We take our ideas of right and wrong from the society around us. These vary from country to country - the Swiss set more in store by commoners than by noblemen; in France, it is the other way about. Prevalent ideas of morality are far from national: murder is wrong, and yet it is thought just to kill a foreigner in war.
Although men are creatures of reason, they do not behave rationally. We feel deeply about trifles, devote our lives to the pursuit of vain objects, such as rank, or wealth and learning, neither of which we can possess securely. Learning in any case is useless. Our motive is less a genuine desire to do these things than a desire to show off: no one would travel without an opportunity to talk about his travels later. "Glory" is such a potent motive that we prefer it to life itself.
Human judgement is fallible. Our tastes are not rational. We like or dislike a thing first, and find reasons to justify ourselves afterwards. Reason is easily swayed by extraneous circumstances. The buzzing of a fly or the creaking of a weathercock or a pulley can throw us off our balance, and it is practically impossible not to be influenced, one way or the other, by the judgement of others. Other sources of error are sickness, self-interest, and imagination - it is difficult, for example, to listen seriously to a sermon if the preacher is funny-looking or has a disagreeable voice, or to keep one's head on a narrow plank over an abyss.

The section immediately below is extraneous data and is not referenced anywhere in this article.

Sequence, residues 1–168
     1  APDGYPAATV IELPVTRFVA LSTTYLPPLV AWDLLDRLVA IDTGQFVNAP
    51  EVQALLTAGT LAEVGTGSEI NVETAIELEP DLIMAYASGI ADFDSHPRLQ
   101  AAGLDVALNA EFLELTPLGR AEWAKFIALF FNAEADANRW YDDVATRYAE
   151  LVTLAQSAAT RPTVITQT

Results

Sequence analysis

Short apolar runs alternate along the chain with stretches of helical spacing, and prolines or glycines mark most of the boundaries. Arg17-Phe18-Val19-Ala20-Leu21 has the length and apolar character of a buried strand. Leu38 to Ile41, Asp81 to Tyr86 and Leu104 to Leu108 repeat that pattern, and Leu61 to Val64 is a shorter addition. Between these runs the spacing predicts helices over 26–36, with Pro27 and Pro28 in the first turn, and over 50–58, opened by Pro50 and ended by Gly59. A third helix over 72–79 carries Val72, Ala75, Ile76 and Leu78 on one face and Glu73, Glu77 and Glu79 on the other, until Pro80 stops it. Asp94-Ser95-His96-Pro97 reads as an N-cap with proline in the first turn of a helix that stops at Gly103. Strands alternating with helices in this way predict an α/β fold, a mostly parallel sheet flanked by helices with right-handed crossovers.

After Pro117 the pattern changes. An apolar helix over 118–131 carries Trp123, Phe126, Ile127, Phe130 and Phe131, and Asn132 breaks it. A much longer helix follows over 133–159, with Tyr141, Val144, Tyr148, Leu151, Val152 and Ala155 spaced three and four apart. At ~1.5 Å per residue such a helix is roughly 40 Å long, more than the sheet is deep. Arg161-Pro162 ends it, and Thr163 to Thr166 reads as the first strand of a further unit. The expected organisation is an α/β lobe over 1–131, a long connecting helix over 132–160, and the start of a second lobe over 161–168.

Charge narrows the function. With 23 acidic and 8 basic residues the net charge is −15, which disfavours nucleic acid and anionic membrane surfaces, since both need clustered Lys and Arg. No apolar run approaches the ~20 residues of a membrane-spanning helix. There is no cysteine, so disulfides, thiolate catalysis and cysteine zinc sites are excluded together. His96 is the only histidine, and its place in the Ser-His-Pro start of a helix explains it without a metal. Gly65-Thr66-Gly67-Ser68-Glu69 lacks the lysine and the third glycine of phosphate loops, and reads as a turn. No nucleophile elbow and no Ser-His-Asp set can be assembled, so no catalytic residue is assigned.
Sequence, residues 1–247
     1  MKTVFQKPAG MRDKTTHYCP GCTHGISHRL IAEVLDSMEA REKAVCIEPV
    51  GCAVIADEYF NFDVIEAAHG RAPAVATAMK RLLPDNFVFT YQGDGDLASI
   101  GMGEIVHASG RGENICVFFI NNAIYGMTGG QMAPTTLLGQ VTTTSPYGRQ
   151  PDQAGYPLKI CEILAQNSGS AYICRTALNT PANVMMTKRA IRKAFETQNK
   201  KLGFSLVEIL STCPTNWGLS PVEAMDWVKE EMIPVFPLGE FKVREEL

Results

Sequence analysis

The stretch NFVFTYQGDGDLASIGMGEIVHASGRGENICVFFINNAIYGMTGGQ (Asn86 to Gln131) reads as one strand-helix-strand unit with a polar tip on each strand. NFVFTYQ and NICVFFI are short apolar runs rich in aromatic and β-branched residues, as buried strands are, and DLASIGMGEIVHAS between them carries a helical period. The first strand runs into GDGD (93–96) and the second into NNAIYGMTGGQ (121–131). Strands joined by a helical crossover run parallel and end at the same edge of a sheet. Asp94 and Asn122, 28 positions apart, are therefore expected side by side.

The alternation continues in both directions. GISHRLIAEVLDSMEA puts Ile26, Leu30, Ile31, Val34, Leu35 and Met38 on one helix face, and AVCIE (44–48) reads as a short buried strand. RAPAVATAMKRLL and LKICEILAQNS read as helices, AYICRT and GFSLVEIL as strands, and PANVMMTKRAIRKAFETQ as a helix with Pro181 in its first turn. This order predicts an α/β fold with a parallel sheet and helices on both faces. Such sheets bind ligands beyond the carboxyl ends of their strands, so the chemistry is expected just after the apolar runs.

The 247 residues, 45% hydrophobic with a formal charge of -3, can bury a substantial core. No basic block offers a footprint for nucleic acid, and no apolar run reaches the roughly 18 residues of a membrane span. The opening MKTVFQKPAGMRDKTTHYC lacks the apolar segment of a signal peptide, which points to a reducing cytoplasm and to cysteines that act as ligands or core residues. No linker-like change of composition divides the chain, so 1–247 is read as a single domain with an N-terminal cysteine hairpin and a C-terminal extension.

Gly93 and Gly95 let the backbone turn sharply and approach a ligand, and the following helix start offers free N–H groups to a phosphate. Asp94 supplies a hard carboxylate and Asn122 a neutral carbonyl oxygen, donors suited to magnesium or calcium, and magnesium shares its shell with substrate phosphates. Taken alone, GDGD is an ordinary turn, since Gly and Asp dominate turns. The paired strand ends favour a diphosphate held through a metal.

There are many signs of the fallibility of human reason. We are never sure of our sanity. Philosophy has never achieved any certainty over anything, not even about what constitutes the "highest good". Reason must not be trusted too far. Like La Rochefoucauld, Pascal thinks that at times it is better to be mad than sane. Reason must not be rejected, but its limitations must be acknowledged; we must recognise that many things surpass our understanding.
Human nature is dispassionately analysed by Pascal. Men are egoistical, full of self-love, full of faults which, however, they are unwilling to acknowledge, so that they are continually playing a part and being hypocritical. Society - here again Pascal is at one with La Rochefoucauld - could not exist without this hypocrisy. Human nature is naturally vicious, animated by concupiscence. Our seeming virtues are but vices - here again we recall La Rochefoucauld; pity, for instance, is a form of self-interest. Sometimes virtue is merely the balance between two contrary vices. We are selfish, naturally possessive, tyrannical.
Man is not capable of extremes - he cannot understand if he reads too fast or too slowly, cannot see if there is too much light or too little, is thought mad if he has too much intelligence or if he has too little. Similarly, in nature, he is a mediocre creature poised between the infinitely great and the infinitely small - his life a brief space with an eternity on either side of it, himself a petty creature incapable of understanding the vastness of the universe but equally incapable of entering into the world of the infinitely small. Indeed Pensée No. 72 is one of the most powerful and most terrifying expressions of Pascal's view of the human state.